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Run Fault Simulations and View Results

This example shows how to run fault simulations. When you model faults, you often need to run more than one simulation. You can interactively run simulations, or adjust the parameters in your fault behaviors programmatically and automate the simulations with MATLAB® code. You can inspect the results in the Simulation Data Inspector.

Video Walkthrough

For a walkthrough of the example, play the video.

Simulate the Model Interactively

Open the sldemo_fuelsys_fault_analyzer model and set up the faults with the helper function, myFuelSysCase.


After executing the function, the model contains faults on each input port to the To Controller subsystem. The model has one activated fault, throttle_fault, that triggers when the time is 25.

Simulate the model. The Scope block captures signal values during the most recent simulation.

model = "sldemo_fuelsys_fault_analyzer";

To see the status of the faults throughout simulation, you can inspect the results with the Simulation Data Inspector. In the Fault Analyzer tab, in the Review Results section, click Data Inspector. You can also open the Simulation Data Inspector with this command:


The Simulation Data Inspector logs the status of faults as either true or false. In this example, confirm that the fault was not injected until 25 seconds by expanding the Faults list for the first run and selecting the fault, throttle_fault, to plot the status versus time.

The simulation results in the Simulation Data Inspector. The faults section is expanded, and throttle_fault is selected. The injection status of throttle_fault is shown in the plot. It is false until 25 seconds, afterwards the injection status is true. The status is blue.

You can also confirm that the fault injected by opening the Fault Dashboard pane. In the Fault Analyzer tab, in the View section, click Fault Dashboard. The Simulation Results tab shows that the active fault, throttle_fault, triggered during the simulation.

The image shows the Simulations Results tab in the Fault Dashboard pane. The pane shows the number of simulated faults out of the number of active faults. The pane shows that one fault is active, and one fault simulated. The Triggered Faults section is expanded, and it lists throttle_fault as the triggered fault.

Use Scripts to Adjust Fault Properties and Simulate

Each fault corresponds to a Fault object that has properties that you can adjust programmatically. In this example, increment the trigger time of the fault, throttle_fault, and simulate after each adjustment. This fault is on the first input port to To Controller.

To Controller is the only block with faults. Use the Simulink.fault.findFaultedElements function to retrieve the paths of the faults on this block as a string array.

elements = Simulink.fault.findFaultedElements(model);

Each array element lists the model path to the input port in numerical order. For example, the first element of elements is the path to the first input port.

ans = 
"sldemo_fuelsys_fault_analyzer/To Controller/Inport/1"

Get the Fault object by using the Simulink.fault.findFaults function.

sweptFault = Simulink.fault.findFaults(model,...

Enable faults on the first input port to To Controller, and disable faults on the other ports by using the Simulink.fault.enable function.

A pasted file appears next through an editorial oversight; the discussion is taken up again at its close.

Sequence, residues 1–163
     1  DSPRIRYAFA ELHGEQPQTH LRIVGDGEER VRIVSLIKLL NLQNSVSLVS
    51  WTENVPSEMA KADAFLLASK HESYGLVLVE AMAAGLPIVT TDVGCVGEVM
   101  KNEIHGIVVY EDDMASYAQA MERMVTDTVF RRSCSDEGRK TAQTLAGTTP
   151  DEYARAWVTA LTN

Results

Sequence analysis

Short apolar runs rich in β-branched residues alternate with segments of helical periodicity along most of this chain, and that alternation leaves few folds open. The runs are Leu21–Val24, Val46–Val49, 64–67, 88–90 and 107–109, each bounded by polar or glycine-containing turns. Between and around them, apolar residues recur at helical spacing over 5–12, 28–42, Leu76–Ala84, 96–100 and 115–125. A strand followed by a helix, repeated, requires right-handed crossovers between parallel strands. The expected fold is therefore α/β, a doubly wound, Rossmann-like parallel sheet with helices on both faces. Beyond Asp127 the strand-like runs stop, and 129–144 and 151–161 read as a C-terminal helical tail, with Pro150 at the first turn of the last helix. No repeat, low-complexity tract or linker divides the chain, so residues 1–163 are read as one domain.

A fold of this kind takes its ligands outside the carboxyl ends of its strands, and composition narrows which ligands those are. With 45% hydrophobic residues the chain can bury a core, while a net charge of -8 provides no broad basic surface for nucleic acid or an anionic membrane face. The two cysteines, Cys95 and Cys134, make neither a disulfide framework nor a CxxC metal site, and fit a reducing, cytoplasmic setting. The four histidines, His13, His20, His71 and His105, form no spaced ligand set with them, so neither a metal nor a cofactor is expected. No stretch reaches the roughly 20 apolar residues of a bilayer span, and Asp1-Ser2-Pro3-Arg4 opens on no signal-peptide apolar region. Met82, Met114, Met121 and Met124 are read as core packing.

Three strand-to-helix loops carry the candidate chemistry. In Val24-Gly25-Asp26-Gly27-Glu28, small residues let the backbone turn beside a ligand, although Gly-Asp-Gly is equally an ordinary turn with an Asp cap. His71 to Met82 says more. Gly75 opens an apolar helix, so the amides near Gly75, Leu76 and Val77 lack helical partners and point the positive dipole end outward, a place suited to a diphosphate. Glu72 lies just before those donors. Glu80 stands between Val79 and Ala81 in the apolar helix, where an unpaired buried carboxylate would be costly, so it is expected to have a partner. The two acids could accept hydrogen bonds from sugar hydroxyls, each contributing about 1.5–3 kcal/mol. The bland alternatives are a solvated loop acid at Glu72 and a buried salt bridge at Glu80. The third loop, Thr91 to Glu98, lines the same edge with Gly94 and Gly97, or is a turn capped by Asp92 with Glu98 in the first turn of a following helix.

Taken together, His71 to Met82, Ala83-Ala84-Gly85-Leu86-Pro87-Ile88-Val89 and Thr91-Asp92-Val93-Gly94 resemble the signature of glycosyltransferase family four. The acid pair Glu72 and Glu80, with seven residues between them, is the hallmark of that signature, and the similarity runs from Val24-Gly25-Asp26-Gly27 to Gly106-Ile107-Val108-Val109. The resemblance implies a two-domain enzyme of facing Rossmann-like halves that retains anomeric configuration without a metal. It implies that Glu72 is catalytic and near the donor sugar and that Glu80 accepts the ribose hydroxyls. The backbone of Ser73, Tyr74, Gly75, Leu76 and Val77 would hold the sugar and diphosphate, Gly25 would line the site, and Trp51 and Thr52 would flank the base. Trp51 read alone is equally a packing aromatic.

for n = 1:length(elements)
    if n == 1

Set throttle_fault as the active fault by using the activate function.


Turn fault simulation on by using the Simulink.fault.injection function.


throttle_fault uses a timed trigger. When the simulation reaches the specified trigger time, the fault is injected. To adjust the trigger time, modify the StartTime property of the Fault object. In this example, start at a trigger time of 10, and increment the trigger time by 2.

numberOfSims = 6;
for n = 1:numberOfSims
    sweptFault.StartTime = 8+2*n;

Use Scripts to Change Fault Behaviors and Simulate

You can also modify the behavior of the faults in your Simulink® model by accessing the Fault Subsystem block in the fault model. In this example, adjust the behavior associated with the fault, ego_fault.

Get the Fault object for ego_fault.

sweptFault = Simulink.fault.findFaults(model,...

Get the paths to the fault model and Fault Subsystem block associated with ego_fault by using the Simulink.fault.getFaultModels and getBehavior functions.

faultModel = Simulink.fault.getFaultModels(model);
faultSubsystem = getBehavior(sweptFault);

Open the Fault Subsystem block ego_fault to view the behavior.


The behavior overrides the signal with a Constant block with a value equal to 12. In this example, adjust the value of this block. Enable faults on the third input port to To Controller and disable faults on the other input ports.

for n = 1:length(elements)
    if n == 3

Set ego_fault as the active fault.


Increment the Constant value parameter of the Constant block from 7 to 12 incrementing by 1 for each simulation.

sweptBlock = "Constant";
numberOfSims = 6;
for n = 1:numberOfSims
    constVal = 6 + n;
    set_param(faultSubsystem + "/" + sweptBlock,Value=string(constVal))

Additional Simulation Options

To capture the numerical results of simulation without saving changes to the model, simulate the model by defining a Simulink.SimulationInput object for the model and saving the simulation results to a Simulink.SimulationOutput object. After creating these objects, you can also run simulations by using parsim.

Automate Adding, Deleting, and Updating Faults

You can also create, delete, and update faults with programmatic options. For a list of programmatic options, see Fault Modeling and Fault Simulation. For an additional example, see Add and Configure Faults Programmatically.

See Also

Related Topics